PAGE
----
In the beginning, they asked me questions about my code to verify if I was the actual author, which was a positive thing (for example, why did I choose this gem for parsing vCards, why did I set up a unique index in the database and email validation in the model, why did I add a separate gem for bulk insertion, why did I validate this content type for vCard and not another, mentioned in required RFC in the task description).

They mentioned in the job offer, that they are avoiding some brainteasers, whiteboards, or gotchas during technical interviews, but during the conversation, I was surprised that they didn't ask me about any technical things, those that I was prepared for (programming, oop, data structures, computer networks, plain Ruby, databases, git, frontend, infrastructure, security). Instead, the technical questions were only related to my code and my decisions on why I chose such solutions in the code.

The coding task was diverse and certainly showed a way of thinking, and maybe that was all they needed. However, as a candidate, you could have not known anything beyond the selected code parts during the interview and still pass this stage of the recruitment process.


On April 4th I received an email that I was not selected for the internship. I was very disappointed, but I knew that I did my best and I could not do anything more.

I am happy with the entire hiring process, which went smoothly and without any problems. Completing the coding task was fun, and I want to thank everyone who was involved for their time and consideration of my application.

To be honest, I still don't know if I did my recruitment task well or not. Perhaps I overengineered my solution or I didn't do it well enough.

I created a basic working version of the code within one day. Since there was plenty of time, later on, I played around with the code a bit, refactoring it, adding tests, features, and so on. I can assume that they didn't like that I spent a lot of time on this task.

I think that my English level and communication skills presented during the final interview were one of the main reasons why I wasn't selected. Being very nervous made it hard for me to concentrate and speak clearly.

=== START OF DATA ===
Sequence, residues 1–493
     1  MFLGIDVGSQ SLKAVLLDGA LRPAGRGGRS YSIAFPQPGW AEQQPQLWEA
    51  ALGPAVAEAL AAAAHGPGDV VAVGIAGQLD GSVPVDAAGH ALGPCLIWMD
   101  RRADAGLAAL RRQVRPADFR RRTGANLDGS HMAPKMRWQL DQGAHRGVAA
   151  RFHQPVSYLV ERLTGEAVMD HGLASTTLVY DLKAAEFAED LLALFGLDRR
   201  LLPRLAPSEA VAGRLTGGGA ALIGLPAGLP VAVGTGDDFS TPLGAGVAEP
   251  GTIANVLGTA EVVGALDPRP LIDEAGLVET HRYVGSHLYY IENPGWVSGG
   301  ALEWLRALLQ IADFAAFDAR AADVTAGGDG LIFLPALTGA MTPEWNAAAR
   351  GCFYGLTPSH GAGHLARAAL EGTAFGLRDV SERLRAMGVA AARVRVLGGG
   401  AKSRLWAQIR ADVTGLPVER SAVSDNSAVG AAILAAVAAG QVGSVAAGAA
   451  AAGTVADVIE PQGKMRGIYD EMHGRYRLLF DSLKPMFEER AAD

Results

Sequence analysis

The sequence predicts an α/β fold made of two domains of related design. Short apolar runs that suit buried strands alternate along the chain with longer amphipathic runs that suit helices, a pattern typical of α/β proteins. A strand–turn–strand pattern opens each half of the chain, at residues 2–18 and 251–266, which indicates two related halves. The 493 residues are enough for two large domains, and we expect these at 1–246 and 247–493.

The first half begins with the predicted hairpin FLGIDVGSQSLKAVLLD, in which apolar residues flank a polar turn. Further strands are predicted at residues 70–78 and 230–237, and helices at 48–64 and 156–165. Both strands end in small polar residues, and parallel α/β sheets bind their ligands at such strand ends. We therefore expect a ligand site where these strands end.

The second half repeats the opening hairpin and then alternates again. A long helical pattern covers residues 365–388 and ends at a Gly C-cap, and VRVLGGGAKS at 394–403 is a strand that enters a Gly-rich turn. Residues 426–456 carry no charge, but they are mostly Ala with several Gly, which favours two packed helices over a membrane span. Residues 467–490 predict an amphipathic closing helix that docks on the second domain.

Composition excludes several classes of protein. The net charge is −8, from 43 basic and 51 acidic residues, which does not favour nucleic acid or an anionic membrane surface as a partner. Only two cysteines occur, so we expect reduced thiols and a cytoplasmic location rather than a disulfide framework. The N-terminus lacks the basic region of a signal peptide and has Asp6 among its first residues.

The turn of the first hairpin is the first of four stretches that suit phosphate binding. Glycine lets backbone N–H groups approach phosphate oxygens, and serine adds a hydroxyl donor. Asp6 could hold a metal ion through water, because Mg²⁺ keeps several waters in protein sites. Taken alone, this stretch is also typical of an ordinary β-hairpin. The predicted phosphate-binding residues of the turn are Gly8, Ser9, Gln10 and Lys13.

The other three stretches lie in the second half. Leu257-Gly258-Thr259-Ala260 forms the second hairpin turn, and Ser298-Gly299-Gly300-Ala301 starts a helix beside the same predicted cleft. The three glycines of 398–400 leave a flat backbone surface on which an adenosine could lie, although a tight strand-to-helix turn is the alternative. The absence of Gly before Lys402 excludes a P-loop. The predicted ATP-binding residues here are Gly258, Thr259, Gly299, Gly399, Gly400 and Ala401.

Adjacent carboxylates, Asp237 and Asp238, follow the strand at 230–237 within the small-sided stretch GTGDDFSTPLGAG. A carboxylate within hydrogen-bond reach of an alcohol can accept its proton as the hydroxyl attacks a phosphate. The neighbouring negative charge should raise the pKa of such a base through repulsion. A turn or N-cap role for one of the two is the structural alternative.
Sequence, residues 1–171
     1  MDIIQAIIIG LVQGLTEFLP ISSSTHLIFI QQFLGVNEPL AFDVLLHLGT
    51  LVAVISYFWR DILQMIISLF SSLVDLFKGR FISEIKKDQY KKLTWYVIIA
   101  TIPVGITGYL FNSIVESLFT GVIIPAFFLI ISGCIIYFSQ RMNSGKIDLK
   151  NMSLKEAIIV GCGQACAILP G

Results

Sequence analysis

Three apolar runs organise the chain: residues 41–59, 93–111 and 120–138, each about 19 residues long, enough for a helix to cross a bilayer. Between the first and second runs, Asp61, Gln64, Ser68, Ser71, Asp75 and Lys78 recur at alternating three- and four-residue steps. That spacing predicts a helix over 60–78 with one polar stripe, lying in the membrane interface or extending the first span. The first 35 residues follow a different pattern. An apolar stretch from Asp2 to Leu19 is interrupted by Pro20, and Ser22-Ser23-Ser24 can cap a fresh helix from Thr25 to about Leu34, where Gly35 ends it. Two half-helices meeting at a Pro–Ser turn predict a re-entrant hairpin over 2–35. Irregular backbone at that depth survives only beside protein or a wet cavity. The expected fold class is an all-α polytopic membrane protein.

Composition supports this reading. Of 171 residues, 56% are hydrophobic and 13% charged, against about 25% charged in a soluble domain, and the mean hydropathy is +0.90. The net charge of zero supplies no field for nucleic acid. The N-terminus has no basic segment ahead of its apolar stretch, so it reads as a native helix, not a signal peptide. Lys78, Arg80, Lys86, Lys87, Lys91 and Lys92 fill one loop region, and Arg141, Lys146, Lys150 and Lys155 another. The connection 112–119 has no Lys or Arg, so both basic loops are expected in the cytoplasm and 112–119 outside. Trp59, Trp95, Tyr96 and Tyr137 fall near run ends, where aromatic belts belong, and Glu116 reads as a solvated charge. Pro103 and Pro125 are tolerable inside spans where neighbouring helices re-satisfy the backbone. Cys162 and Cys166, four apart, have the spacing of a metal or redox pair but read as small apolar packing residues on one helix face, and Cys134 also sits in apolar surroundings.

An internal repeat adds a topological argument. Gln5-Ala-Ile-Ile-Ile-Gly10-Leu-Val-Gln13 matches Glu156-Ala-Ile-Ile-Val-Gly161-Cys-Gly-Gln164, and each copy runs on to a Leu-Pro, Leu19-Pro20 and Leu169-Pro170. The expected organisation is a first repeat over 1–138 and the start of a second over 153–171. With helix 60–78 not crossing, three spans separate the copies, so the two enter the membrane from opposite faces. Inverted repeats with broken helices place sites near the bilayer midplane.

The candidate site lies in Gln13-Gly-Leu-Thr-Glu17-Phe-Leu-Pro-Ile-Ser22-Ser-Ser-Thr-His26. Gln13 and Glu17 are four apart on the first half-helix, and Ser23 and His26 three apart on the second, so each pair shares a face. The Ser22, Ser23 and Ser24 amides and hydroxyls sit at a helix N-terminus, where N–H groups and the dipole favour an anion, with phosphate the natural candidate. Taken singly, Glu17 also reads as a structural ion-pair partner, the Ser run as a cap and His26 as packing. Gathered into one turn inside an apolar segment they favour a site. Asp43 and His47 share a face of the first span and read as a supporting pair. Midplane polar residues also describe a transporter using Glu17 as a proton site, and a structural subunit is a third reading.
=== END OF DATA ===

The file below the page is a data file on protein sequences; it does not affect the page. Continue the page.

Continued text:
While I hadn't any trouble understanding the Director of Engineering, the conversation with the SIP team Engineering Manager was probably the most difficult I've ever had, due to his accent, random microphone cuts, and random Zoom lags (that's why I hate talking on platforms other than Discord - the voice quality and stability is incomparable). I want to make it clear that I have no issue with him personally. It was my job to understand him. I need to greatly improve my English skills, especially my listening skills.

My conclusion is that I need to start learning and improving even more, as my current level wasn't enough to secure the internship. I also need to avoid making similar mistakes in the future.


There is an article from 37signals that summarizes the 2023 internship program. It turns out that no one was hired for full-time positions after a 3-month internship.

After reading it, I have no doubts why I wasn't selected, since I was competing with people who are native English speakers and seems to have a lot of experience in the industry.

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I'm just curious about computer science, mainly web development.

I want this blog to describe what I did or learned today. These posts should be useful to a version of me from yesterday.

© 2024 Maciej Biel